Welcome to The Final Outpost!
Age: 10 months
Strigostos spend much of the year on long migrations in the far north but travel south to their nesting grounds during their short autumn mating season. Juveniles grow quickly and are capable of flight in time to join their parents on the long return journey north. Though their horns are decorative, their sharp talons and beak provide plenty of power for hunting and defense, and their thick-feathered wings allow for almost silent flight. Strigostos feed on any small prey they can catch, from Stranga Sciuros to young Fluganta Rato chicks. They show little preference when hunting, a behavior likely related to the necessary variations in their diet as they migrate, and males will offer their kill to their mate or offspring before eating themselves. Both adults and juveniles preen themselves regularly and will help each other groom any hard-to-reach spots. Keeping their feathers in perfect condition is important, as loose or ragged plumage can cause noise during flight. Due to their quiet nature, Strigostos are rarely sighted, but their low, haunting calls may be heard in the evening, heralding the start of their nightly hunt.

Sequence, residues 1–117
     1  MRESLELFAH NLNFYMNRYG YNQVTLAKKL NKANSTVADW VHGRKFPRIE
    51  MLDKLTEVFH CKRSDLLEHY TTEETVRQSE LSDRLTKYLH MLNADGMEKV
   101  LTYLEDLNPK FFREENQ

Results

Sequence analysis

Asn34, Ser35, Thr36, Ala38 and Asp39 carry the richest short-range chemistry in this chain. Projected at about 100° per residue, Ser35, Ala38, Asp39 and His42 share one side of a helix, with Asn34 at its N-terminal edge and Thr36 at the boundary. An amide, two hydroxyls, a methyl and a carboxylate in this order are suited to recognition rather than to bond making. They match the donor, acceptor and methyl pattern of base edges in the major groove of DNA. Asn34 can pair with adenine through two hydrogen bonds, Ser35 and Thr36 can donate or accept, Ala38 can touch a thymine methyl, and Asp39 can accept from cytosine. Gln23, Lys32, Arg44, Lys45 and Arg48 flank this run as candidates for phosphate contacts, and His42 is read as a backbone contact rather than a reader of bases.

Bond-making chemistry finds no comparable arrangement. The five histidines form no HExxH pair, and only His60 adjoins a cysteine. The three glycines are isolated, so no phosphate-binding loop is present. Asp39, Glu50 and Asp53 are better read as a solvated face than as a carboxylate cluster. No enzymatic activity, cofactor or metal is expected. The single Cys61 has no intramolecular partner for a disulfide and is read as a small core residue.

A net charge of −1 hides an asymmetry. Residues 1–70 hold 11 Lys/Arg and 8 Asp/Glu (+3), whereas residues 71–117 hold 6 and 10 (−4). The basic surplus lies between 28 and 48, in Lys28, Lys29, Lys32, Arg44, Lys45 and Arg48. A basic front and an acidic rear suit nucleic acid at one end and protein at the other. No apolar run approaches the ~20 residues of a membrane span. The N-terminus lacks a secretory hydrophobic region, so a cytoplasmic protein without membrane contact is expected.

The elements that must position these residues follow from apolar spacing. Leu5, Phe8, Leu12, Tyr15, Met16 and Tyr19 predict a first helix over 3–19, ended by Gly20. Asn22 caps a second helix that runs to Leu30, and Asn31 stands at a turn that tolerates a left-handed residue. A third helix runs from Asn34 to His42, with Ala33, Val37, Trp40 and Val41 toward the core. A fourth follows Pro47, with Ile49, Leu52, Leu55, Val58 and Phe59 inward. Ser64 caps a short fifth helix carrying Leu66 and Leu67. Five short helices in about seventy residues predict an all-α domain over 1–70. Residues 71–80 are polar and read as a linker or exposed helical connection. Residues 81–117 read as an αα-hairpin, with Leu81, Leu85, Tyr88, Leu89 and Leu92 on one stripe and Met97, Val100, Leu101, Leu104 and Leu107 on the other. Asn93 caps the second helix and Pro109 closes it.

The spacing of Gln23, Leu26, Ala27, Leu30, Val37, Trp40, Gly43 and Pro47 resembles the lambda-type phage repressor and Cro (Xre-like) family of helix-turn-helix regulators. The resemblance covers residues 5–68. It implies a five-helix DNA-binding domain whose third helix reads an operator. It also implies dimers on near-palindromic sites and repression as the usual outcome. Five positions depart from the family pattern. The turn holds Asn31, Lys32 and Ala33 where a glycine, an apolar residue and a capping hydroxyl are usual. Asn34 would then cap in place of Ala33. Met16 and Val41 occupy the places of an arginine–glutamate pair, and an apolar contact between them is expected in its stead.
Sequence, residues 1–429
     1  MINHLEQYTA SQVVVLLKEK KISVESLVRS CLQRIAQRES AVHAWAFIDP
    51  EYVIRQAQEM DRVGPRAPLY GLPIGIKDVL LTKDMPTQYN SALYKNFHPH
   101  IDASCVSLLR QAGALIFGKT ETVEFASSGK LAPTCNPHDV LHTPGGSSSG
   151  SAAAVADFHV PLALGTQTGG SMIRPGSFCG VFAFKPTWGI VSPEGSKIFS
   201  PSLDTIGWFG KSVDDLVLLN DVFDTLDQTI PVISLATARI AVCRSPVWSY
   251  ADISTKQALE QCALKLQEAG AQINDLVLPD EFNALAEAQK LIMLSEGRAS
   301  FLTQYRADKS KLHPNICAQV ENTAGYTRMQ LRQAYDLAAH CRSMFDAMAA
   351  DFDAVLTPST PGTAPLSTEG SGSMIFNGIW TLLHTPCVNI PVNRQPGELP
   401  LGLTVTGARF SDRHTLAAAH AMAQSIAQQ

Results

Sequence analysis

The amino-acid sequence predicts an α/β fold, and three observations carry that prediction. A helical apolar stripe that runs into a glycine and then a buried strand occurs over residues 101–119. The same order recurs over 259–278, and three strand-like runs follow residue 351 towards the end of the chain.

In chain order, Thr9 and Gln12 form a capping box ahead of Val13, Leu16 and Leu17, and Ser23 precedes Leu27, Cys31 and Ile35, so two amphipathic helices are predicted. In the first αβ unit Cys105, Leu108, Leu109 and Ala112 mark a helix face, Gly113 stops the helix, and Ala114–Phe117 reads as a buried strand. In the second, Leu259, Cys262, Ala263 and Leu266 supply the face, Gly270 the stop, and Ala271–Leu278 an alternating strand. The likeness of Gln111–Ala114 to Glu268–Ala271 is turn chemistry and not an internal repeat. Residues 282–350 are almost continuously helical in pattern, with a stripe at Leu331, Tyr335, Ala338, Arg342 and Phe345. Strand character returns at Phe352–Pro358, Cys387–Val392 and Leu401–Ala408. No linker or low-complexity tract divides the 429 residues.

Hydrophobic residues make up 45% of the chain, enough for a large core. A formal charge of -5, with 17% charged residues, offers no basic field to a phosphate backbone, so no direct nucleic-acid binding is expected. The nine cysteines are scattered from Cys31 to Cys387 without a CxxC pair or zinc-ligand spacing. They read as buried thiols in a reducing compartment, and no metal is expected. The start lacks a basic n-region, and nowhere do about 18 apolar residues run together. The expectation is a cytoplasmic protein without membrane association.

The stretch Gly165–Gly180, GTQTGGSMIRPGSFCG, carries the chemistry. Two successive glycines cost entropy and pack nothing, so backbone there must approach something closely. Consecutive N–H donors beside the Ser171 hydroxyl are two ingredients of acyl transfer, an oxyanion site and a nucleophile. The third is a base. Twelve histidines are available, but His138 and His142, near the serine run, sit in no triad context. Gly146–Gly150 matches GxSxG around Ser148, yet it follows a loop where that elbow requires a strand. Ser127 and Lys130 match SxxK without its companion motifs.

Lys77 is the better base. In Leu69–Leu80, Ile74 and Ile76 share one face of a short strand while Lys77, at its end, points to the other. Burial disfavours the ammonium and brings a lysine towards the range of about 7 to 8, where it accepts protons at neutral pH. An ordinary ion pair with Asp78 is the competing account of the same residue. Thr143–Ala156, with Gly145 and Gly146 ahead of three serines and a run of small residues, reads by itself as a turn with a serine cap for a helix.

The creatures that dwell in this rather desolate world still display some diversity in appearance, eating habits, and social behavior. Whether they have fur or feathers, skin or scales, their unique genetic makeup allows for a variety of colors and markings within each species. Despite limitations in food sources, herbivores, omnivores, and carnivores are all present in the food chain, and each species requires specialized care within a laboratory. Although the artificial setting of housing units and breeding pods precludes most opportunities to study true interspecific behavior, the interactions within and between species has been studied extensively in the wilderness by scientists daring enough to venture beyond the outpost’s walls.